Daniel Rozin

Troll Mirror
The mechanical mirrors are made of various materials but share the same behavior and interaction; any person standing in front of one of these pieces is instantly reflected on its surface. The mechanical mirrors all have video cameras, motors and computers on board and produce a soothing sound as the viewer interacts with them. Troll Mirror was commisioned by Traget and is made of pairs of pink and blue troll dolls. Every troll doll pair can rotate so that the pink or blue troll face the front. The result is a colorfull reflection of the viewer’s outline and playfull colorfull transitions

Field.io

Spectra-3
The piece is the latest instalment of their ongoing Spectra series, a merging of physical and virtual sculptures that take inspiration from space, technology, and our relationships to them, to provide elegant and sensory experiences using sound, light, and reflection. Spectra-3’s design and movement is inspired by the radio telescopes of the Very Large Array (VLA) located on the Plains of San Agustin in New Mexico. The piece combines computer-aided design with real-time input from the public’s movements, to inform its physical actions as it rotates on motors, augmenting the space with the enchanting hues and patterns of reflected light and spatialized sound.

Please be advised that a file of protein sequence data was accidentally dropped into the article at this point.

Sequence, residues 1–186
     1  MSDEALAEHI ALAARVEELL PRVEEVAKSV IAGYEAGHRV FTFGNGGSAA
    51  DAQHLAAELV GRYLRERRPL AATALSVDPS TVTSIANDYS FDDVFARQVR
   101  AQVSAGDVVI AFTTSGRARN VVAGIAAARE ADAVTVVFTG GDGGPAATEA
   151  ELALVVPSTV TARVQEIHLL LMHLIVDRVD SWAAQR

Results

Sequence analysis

Ong Kian-Peng

Particle Waves
“Particle Waves” is a kinetic sound sculpture comprising of a 4×3 grid of 12 individual kinetic bowls. Within each bowl contains tiny metal beads of various sizes, creating noises as the bowl rotates in various angles. The noise from a single bowl forms collectively to become a soundscape, reminding us of waves and oceans. The bowls are arranged in a 4×3 grid and controlled as a whole by a microcontroller running a wave algorithm. This creates a continuous wave-like kinetic motion over the grid, at the same time creating a spatialized soundscape. This installation is a continuous attempt of exploring the correlation between sound and nature.

Gustav Metzger

Liquid Crystal Environment